The Importance of Making Careful Distinctions

In conversations about a point of theology or biblical interpretation, I have often heard something along the lines of: "The Bible never says that."  When pressed, the person will then follow-up, "Well, the Bible doesn't say it explicitly," or "the Bible doesn't use those particular words."  I have heard this used to deny a number… Continue reading The Importance of Making Careful Distinctions

Michael Horton Defines Antinomianism(s)

I've been reading through Kevin DeYoung's The Hole in our Holiness: Filling the Gap Between Gospel Passion and the Pursuit of Godliness, so when the Nov/Dec Issue of Modern Reformation arrived featuring two articles on antinomianism, I was quite interested. One article even includes a sidebar, recommending Tullian Tchividjian's Jesus + Nothing = Everything and… Continue reading Michael Horton Defines Antinomianism(s)

Michael Horton Critiques the “God of the gaps” Apologetic

In The Christian Faith, Michael Horton unravels the real problem with resolving the tension between theism and and science via the "God of the gaps" apologetic approach.  This approach, for those unfamiliar with the terminology, is used by people who wish to respect the claims of science but also wish to retain a place for… Continue reading Michael Horton Critiques the “God of the gaps” Apologetic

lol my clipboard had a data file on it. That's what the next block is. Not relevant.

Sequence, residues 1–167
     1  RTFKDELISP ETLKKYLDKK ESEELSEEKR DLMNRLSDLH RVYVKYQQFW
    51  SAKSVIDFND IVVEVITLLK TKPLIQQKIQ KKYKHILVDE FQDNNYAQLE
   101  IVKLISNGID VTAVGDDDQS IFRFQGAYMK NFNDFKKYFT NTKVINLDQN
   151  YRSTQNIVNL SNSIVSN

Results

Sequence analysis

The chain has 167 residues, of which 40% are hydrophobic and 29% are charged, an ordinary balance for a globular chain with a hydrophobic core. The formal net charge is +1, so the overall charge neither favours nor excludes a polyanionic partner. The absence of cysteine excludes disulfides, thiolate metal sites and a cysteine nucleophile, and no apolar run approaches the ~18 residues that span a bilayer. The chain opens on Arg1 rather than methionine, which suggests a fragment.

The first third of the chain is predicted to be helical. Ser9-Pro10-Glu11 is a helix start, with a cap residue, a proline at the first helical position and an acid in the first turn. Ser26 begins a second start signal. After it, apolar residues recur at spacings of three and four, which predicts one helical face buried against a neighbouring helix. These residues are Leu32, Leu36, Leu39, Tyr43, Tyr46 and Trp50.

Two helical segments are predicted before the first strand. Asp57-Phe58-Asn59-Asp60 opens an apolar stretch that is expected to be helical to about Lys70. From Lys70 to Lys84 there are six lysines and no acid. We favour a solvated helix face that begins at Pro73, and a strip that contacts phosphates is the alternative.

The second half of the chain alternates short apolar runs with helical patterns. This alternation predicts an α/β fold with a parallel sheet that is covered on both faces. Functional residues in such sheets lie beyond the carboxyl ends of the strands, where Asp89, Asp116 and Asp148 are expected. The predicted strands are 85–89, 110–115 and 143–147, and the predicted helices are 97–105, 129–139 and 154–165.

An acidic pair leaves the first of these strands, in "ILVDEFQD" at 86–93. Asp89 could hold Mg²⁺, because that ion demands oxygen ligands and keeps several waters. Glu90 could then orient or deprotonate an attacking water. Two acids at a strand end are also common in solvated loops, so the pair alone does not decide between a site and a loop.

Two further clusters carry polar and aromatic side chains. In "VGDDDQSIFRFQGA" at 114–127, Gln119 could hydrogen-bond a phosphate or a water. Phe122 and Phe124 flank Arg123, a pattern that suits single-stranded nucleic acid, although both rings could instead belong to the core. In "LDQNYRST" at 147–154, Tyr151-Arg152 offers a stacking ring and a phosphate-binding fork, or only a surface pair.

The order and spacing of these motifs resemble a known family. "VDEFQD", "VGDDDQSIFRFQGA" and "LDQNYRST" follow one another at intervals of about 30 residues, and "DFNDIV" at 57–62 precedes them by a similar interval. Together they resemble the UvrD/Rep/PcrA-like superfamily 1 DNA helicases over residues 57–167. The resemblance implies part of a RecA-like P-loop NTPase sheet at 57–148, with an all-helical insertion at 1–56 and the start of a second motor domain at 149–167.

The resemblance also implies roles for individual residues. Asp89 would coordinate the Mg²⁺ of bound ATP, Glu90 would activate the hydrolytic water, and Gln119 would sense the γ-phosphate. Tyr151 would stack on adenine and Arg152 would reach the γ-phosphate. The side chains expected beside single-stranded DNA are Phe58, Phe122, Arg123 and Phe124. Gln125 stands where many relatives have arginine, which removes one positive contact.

The Intent(s) of the Divine and Human Writers

Another great quote by Michael Horton: In scriptural discourse the original human author may never have intended his or her words to be put to use in later, often quite distanciated, contexts, but the divine speaker is doing just that.  Thus, the story of deliverance from Egypt through the Red Sea becomes not only a… Continue reading The Intent(s) of the Divine and Human Writers

Michael Horton on Speech Acts and Biblical Interpretation

Long before Wittgenstein, Calvin argued in his own way, and in connection with scripture particularly, that language was suited to a form of life.  Language was not a static and immutable code to which the speaker had to submit, a type of calculative reasoning; it was a dynamic tool of human existence and divine communication. … Continue reading Michael Horton on Speech Acts and Biblical Interpretation